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New study reveals connection between the gut, brain and Alzheimer's disease

[Dec. 4, 2023: JJ Shavit, The Brighter Side of News]


Research reports for the first time a pathway that begins in the gut and ends with a potent pro-inflammatory toxin in brain cells contributing to the development of Alzheimer’s disease (AD). (CREDIT: Creative Commons)


In groundbreaking research, a novel pathway has been discovered by Dr. Yuhai Zhao and Dr. Walter J Lukiw from LSU Health New Orleans Neuroscience Center along with the Departments of Cell Biology and Anatomy, Neurology, and Ophthalmology.


This pathway, originating from the gut and concluding with a powerful pro-inflammatory toxin in brain cells, is implicated in the onset of Alzheimer's disease (AD). Moreover, the team has found a straightforward method to inhibit this process. The findings have been published in Frontiers in Neurology.


 
 

The team of scientists uncovered that a molecule, embodying an incredibly potent neurotoxin produced by microbes (lipopolysaccharide or LPS), stems from a Gram-negative bacterium known as Bacteroides fragilis, found in the human gastrointestinal (GI) tract. This molecule gives rise to a neurotoxin identified as BF-LPS.


When there's an insufficiency of this specific protein, it results in a gradual shrinkage of neuronal cells and eventually leads to their demise, a characteristic seen in neurons affected by Alzheimer's disease (AD). Moreover, the researchers highlight that maintaining an appropriate level of dietary fiber consumption could prevent this process from taking place.


 

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The unique aspects of this recently unveiled pathogenic route are three-pronged. The trigger for AD originates within us - specifically within our gut microbiome - thus, it is incredibly "locally sourced" and constantly operative throughout our existence.


The extremely potent neurotoxin BF-LPS is a naturally occurring waste product of the microbial metabolism in our gut. The population of Bacteroides fragilis within our microbiome, the source of the neurotoxin BF-LPS, can be moderated by the intake of dietary fiber.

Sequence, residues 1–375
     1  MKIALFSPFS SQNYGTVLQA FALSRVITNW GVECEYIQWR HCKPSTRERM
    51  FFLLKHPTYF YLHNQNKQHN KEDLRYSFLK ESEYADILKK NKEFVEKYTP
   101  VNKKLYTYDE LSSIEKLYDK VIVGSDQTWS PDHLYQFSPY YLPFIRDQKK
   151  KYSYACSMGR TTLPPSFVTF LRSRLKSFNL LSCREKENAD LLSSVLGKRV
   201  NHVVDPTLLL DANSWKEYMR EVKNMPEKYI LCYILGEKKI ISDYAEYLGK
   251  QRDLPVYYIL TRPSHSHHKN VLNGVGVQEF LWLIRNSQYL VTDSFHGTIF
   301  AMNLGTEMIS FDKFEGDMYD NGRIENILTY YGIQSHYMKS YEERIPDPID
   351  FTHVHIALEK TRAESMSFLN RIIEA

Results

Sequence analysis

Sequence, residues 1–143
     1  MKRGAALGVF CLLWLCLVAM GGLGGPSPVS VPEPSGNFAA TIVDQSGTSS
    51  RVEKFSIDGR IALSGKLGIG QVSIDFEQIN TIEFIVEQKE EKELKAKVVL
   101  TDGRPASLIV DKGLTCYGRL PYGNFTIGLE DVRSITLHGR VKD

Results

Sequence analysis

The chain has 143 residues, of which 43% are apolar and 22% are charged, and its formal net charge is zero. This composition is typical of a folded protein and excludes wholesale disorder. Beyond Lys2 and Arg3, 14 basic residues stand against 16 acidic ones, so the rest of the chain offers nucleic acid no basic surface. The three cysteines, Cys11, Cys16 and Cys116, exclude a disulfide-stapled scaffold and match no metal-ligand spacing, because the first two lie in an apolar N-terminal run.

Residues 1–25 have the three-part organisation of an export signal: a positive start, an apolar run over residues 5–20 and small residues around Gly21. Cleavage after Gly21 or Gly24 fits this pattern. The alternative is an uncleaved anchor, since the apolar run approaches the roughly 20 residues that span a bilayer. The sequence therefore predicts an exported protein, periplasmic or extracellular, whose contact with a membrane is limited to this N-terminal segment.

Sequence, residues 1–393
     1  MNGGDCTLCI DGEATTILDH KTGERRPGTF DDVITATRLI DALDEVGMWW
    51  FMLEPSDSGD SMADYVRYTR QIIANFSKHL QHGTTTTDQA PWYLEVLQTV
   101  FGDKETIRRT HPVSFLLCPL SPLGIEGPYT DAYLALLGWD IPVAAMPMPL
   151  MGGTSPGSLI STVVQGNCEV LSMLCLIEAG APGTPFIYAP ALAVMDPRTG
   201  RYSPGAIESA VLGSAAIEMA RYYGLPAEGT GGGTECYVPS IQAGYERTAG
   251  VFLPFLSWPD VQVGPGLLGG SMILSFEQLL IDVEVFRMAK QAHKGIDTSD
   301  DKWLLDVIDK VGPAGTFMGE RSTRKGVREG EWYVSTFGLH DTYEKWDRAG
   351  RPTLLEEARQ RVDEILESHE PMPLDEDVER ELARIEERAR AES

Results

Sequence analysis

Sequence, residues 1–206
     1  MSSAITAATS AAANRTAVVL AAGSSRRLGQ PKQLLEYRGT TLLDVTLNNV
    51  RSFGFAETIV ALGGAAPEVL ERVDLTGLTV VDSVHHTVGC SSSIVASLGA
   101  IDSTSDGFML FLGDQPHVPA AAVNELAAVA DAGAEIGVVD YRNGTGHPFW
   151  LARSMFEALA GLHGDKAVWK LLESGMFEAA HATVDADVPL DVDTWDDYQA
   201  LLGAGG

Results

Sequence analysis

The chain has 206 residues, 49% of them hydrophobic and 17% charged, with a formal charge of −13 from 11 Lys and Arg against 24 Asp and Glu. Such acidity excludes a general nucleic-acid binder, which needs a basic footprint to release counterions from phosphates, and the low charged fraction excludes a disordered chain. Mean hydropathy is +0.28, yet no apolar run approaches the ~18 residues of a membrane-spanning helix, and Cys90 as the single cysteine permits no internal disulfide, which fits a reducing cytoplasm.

“Put another way, dietary-based approaches to balance the microorganisms in the microbiome may be an attractive means to modify the abundance, speciation, and complexity of enterotoxigenic forms of AD-relevant microbes and their potential for the pathological discharge of highly neurotoxic microbial-derived secretions that include BF-LPS and other forms of LPS,” Lukiw explains.


Analysis of the hsa-miRNA-30b-5p (miRNA-30b) interaction with the Homo sapien NF-L 3'-UTR. (CREDIT: Frontiers in Neurology)


The researchers ascertain that enhancing our comprehension of the relationship between the gastro-intestinal (GI) tract and the Central Nervous System (CNS) axis, as well as the GI tract's microbiome and Alzheimer's disease, holds significant promise for pioneering novel diagnostic and therapeutic approaches in the medical treatment of Alzheimer's disease and other fatal, progressive, and age-associated neurodegenerative conditions.


 
 

On average, it is projected that Americans ingest between 10 to 15 grams of fiber daily. The United States Department of Agriculture advises women under 50 years old to take in 25 grams of fiber per day, while men in the same age bracket should aim for 38 grams. For those aged over 50, the suggested daily fiber intake drops to 21 grams for women and 30 grams for men.


For each experiment (using different batches of HNG cells) a control luciferase signal was generated that included separate controls with each analysis. (CREDIT: Frontiers in Neurology)


The National Institutes of Health states that Alzheimer's disease is the predominant diagnosis among individuals suffering from dementia. Furthermore, it ranks as the sixth highest cause of mortality among Americans.


 
 

Experts project that approximately 5.8 million US citizens aged 65 and above are afflicted with Alzheimer's disease. This number is expected to surge to around 13.8 million by the mid-century in the United States.


LPS, present in brain cells affected with AD, has an inhibitory effect on NF-L expression. (CREDIT: Frontiers in Neurology)


LSU Health New Orleans incorporated the contributions of Drs. Vivian Jaber and Nathan Sharfman as co-authors. Aileen Pogue from Alchem Biotech Research based in Toronto, Canada, also participated as a co-author.


 
 

The research was supported by funding from LSU Health New Orleans, the Brown Foundation, the Joe and Dorothy Dorsett Innovation in Science Health Aging Award, and the National Institutes on Aging of the National Institutes of Health.






For more science news stories check out our New Discoveries section at The Brighter Side of News.


 

Note: Materials provided above by The Brighter Side of News. Content may be edited for style and length.


 
 

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